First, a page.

Would you believe lack of preparation may be to blame for why many women don't succeed at their breastfeeding goals?
breastfeeding newborn baby
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I recall being in the hospital right after giving birth, exhausted and happy, and the labor and delivery nurse asking, "Do you plan to breastfeed?" Um, yes? I think so. Help!

According to the new 2016 Lansinoh Breastfeeding Survey, feeling overwhelmed by breastfeeding a newborn is hardly an unusual experience. In fact, insights from more than 1,000 healthcare providers in five countries reveal that in addition to breast being best, prep (as in preparation) is best. It turns out, moms who talk to their healthcare providers about breastfeeding before baby arrives have the best chance for success.

That's because challenges arise the longer moms wait. Like loss of confidence, perhaps? And wanting to throw in the burp cloth when your nipples crack and bleed, and you didn't even know it was possible to be so uncomfortable? Not that I know from personal experience or anything...

Because of this, 81 percent of survey participants agree it is urgent that expectant moms seek out breastfeeding guidance before giving birth—preferably in the third trimester of pregnancy. But the reality of when these conversations happen looks very different: Nearly half of women wait until delivery or after to discuss things like breastfeeding techniques.

Not being prepared for many of the difficulties that go hand-in-hand with breastfeeding is indeed a leading reason many women don't succeed at it, but the survey revealed there are many other obstacles facing new moms. Not surprisingly, returning to work is chief among them, with 20 percent of healthcare providers citing work/life balance as a top challenge for breastfeeding moms. That number was even higher in the U.S., at 27 percent, due to less supportive maternity leave policies.

Other leading concerns: when breastfeeding is not working for their babies, and a lack of awareness about the tools available.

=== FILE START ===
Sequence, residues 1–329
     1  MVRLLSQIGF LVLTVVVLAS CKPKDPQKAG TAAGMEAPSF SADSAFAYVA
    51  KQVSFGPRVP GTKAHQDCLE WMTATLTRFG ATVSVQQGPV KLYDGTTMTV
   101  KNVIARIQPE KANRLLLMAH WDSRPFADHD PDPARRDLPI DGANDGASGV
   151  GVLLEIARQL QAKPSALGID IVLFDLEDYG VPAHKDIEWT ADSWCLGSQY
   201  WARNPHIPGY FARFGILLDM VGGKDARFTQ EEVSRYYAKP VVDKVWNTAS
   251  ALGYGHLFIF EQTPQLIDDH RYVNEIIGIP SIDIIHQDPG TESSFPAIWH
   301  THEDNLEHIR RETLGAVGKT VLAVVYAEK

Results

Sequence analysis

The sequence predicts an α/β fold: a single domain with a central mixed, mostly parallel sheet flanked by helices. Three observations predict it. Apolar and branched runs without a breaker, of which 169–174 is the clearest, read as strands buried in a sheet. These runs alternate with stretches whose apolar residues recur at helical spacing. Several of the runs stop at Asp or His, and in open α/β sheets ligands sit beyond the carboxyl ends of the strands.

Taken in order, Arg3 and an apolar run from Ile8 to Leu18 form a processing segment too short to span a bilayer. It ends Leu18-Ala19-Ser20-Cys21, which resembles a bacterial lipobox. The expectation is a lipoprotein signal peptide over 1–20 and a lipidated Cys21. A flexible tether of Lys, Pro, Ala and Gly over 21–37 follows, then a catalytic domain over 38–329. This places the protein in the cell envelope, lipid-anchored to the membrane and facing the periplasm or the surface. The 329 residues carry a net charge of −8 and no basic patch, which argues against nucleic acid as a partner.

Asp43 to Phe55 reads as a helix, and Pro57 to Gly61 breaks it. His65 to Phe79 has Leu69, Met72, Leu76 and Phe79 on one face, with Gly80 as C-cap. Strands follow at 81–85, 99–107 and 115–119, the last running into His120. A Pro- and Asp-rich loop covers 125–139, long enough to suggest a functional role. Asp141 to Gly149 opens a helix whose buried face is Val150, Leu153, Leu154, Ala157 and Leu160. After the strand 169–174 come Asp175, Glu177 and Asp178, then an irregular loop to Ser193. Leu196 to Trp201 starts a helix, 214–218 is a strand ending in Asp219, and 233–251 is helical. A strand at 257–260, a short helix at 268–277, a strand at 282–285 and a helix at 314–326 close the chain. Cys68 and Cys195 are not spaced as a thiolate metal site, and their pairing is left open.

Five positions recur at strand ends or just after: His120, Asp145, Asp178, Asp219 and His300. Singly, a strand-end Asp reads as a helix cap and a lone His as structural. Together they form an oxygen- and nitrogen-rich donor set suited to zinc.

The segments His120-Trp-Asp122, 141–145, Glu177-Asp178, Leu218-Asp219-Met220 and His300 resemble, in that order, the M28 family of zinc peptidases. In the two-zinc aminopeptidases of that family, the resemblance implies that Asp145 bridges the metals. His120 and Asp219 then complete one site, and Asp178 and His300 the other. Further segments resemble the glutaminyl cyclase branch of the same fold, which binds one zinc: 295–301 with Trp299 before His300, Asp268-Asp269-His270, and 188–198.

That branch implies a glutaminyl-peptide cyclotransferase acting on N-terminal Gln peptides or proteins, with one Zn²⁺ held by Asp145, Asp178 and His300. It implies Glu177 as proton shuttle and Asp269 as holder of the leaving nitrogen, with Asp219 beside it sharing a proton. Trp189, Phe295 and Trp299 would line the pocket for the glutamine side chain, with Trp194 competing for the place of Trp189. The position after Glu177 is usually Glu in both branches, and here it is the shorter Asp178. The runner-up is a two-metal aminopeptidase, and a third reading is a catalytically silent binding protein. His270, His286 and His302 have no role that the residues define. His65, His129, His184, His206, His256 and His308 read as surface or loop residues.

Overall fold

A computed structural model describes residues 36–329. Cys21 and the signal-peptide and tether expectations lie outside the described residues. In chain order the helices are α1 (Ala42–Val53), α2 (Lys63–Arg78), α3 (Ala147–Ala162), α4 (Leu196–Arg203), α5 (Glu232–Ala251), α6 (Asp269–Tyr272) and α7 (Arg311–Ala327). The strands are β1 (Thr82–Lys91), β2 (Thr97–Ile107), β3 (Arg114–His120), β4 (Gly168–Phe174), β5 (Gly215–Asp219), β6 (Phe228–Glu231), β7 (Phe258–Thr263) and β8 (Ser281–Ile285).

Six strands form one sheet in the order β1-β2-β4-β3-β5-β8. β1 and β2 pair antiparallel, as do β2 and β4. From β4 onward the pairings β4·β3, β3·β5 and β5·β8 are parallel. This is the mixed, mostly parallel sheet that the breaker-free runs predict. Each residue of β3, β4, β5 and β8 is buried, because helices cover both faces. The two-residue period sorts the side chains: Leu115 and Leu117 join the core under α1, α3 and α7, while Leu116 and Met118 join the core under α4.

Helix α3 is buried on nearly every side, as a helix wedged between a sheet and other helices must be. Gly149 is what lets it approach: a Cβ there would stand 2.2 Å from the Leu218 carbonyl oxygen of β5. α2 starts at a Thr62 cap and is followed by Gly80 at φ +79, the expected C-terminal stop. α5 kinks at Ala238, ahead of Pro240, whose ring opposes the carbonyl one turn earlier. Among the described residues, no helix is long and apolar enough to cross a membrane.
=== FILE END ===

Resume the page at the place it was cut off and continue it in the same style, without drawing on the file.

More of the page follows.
The bottom line? "Planning and preparation are crucial keys to success in all aspects of life—and breastfeeding is no different," says Gina Cicatelli Ciagne, CLC, Lansinoh's Vice President of Global Healthcare Relations. "By encouraging expectant mothers to talk to their healthcare providers about breastfeeding earlier in the process, we hope moms will ultimately be more comfortable with breastfeeding and will realize that they can always ask their healthcare providers for help in achieving their goals."

The funny thing is, while you'd think this advice would be obvious, it isn't. I never thought to consult my doctor about breastfeeding before delivery. I was too consumed with preparing for my baby's arrival in other ways; there was the nursery color scheme to consider, car seat research to conduct, pies to eat... And yet, I didn't plan ahead for possibly the most crucial aspect of welcoming our daughter: how I would feed her.

Here's hoping this survey will highlight for pregnant women that preparing to breastfeed your baby is just as important (if not more so) than the exact shade of pale green you want to paint the nursery walls.

Melissa Willets is a writer/blogger and a mom. Follow her on Twitter (@Spitupnsuburbs), where she chronicles her love of exercising and drinking coffee, but never simultaneously.